Recovering somewhat, Gary Carlisle offered to explain what a handshake was, and how one should go about performing one, even though most people on Earth had been shown this repeatedly throughout their lives and still did it improperly, which was one of his greatest pet peeves. (Not the bad handshakes - the inability or unwillingness or sheer bloody-minded cheek not to follow basic instructions.) Before he could begin, though, a melodious flute-like sound as unlike a ring-tone as possible emanated from the vast telly, at which all the aliens turned their heads and bodies in various combinations of jerkily and fluidly, and which would have reminded Gary Carlisle of the musical Cabaret, had he ever seen it; it was Marlak, though, who rose and glided over to the machine where it leant against the wall. Grasping the vast thing at either side with his impressive arm span and hanging it perfectly on the once-empty wall without a nail or a hook or anything, Marlak then touched the tiny red button at the bottom right corner of it; at which the button made the sound of a meerkat coughing, which was the Andromedan word for ‘on’. Even had Gary Carlisle known this, he still would have found it odd, since on Earth most consumer electronics neither answer back nor state their intentions in so many words, but just get on with it once their buttons were pushed - not unlike football hooligans. In fact, it was just one of the reasons he preferred machines to people.

Seconds later, the screen came alive as though its two-dimensional surface had melted from ice to water to gas at once, whereupon its surface reconstituted itself as an image so clear it better resembled an opening; at the centre of the image that next appeared was a pale young man with shoulder-length pure-white hair wearing what looked like long underwear. Both facially and bodily he resembled a statue of Apollo Gary Carlisle had seen while on a school outing to the British Museum, which was a not altogether unpleasant sight, even if he wasn’t into that sort of thing; the other thing he noticed was that, skin colour aside, this man looked exactly like the five aliens in the room with him.

Behind this man - who for some reason Gary Carlisle couldn’t take his eyes off - was a scene of unparallelled splendour. It looked to him as though the largest city he’d ever seen had been built inspired by the Parthenon, a jagged skyline of white marble as far as they eye could see, which, given the resolution of the telly and the startling lack of air pollution, was a very long way indeed. The figure made a grave V-sign, palm up, accompanied by an oddly dignified raspberry sound. ‘Greetings...’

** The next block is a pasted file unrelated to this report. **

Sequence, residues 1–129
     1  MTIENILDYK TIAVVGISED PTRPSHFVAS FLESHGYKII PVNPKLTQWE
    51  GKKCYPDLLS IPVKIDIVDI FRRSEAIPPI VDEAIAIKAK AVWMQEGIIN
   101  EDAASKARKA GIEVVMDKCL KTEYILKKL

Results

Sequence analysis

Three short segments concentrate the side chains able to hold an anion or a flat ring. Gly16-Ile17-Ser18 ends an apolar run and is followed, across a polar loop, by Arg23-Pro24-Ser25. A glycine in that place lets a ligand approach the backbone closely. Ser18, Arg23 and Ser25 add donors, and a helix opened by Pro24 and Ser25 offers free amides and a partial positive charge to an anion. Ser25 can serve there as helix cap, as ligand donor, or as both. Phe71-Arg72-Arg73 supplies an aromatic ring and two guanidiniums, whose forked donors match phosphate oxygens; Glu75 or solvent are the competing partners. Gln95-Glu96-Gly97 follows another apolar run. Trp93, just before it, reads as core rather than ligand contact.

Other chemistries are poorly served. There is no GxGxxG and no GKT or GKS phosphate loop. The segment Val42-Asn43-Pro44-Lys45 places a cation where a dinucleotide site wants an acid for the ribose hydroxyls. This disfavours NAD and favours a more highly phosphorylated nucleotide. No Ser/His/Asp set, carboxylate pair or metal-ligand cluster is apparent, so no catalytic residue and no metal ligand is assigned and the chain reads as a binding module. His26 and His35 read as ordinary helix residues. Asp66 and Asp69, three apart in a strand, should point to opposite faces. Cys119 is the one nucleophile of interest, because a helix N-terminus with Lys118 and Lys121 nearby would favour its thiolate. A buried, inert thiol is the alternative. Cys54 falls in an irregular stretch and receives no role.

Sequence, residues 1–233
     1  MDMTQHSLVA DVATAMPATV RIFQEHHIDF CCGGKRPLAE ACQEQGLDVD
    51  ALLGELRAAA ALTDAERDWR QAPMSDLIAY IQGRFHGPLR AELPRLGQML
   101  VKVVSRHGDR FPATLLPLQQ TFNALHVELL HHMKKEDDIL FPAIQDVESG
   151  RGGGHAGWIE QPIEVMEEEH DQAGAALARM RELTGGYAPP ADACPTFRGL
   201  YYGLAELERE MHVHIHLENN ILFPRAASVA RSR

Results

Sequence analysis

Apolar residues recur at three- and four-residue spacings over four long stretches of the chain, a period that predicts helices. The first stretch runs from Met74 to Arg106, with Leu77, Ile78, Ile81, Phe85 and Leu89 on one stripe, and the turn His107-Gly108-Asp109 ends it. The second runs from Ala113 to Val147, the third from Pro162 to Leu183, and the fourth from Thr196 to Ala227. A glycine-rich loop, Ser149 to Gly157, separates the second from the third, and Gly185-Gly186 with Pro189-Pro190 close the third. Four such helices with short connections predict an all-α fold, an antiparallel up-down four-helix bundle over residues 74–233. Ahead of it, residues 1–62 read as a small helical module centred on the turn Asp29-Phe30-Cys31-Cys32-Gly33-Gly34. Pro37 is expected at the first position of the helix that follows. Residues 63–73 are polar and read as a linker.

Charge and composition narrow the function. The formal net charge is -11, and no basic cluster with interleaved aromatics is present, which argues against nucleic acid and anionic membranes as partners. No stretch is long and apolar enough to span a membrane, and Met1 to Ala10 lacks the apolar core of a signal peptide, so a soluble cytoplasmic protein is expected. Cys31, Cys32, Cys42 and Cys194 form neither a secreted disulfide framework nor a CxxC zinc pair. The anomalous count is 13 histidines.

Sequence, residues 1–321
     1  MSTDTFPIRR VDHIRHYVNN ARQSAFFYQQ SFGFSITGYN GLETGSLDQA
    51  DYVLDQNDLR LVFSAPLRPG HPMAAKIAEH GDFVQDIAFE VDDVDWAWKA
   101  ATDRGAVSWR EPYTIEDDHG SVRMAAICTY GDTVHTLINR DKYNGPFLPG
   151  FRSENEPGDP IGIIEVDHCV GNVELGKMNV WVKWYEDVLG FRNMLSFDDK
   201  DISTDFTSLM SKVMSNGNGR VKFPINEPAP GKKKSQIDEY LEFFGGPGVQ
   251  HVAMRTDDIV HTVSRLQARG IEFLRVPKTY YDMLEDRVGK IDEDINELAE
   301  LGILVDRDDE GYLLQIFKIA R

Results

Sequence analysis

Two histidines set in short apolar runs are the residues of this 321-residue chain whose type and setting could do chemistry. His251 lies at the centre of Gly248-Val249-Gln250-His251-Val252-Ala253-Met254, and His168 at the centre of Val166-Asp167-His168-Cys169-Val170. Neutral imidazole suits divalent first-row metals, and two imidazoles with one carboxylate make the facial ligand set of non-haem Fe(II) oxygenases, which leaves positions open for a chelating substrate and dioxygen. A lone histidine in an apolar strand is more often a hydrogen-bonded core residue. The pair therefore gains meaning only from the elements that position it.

All five aliens were now crowded ‘round the set like over-eager toddlers trying to get closer to Noddy, or Sooty, or La-La - whomever happened to be on - although they’d considerately left a view corridor up the middle for their guest to see through; for his part Gary Carlisle sat rooted to the chair he’d taken for fear that standing up might either finish loosening his bowels or else betray the spontaneous erection he’d gotten from the appearance of the man on the screen.

‘I see you have met a human,’ the man said, seeming to talk to his co-specieists while looking straight at Gary Carlisle, almost... He knew it was too odd to be true, but almost as though the man onscreen could see him.

Marlak turned, both head and body smoothly this time. ‘Say hello human.’ That was when Gary Carlisle noticed that Marlak had also ‘pitched a tent on his own common’. As had they all...

There followed an awkward pause in which the many forms of panic he was experiencing - chief among them that he’d just thrown a boner from looking at a bloke for the first time in his life, not knowing that a stiffy was the equivalent of a salute on Andromeda. ‘Can he see me?’ Gary Carlisle enquired, his already small voice having somehow gotten smaller.

‘Of course he can,’ said Marlak, as though that should have been obvious. ‘It is my pleasure to introduce you to our Emperor, Hngork.’

At least, that’s what Gary Carlisle thought he’d called him; for all the world (and who knows how many others as well) the name had sounded like the noise one makes to get phlegm off the back of one’s throat an hour after eating too much custard. ‘Um, um, um um,’ he stammered before regaining enough of his composure to say ‘Pleased to make your acquaintance, your Emperor-ship,’ - the mere sound of which made him cringe. At which sign of the utmost respect the heretofore grave monarch grinned like an Essex girl on a hen night (which, it scarcely needs to be said, did not even remotely mean what Gary Carlisle thought it meant; after all, how could it?). If he didn’t know a cringe meant ‘It’s an honour to meet you’, how could he possible know a maniacal grin meant ‘The pleasure is all mine’... Although, to be strictly honest, it had a similar meaning on Earth as well.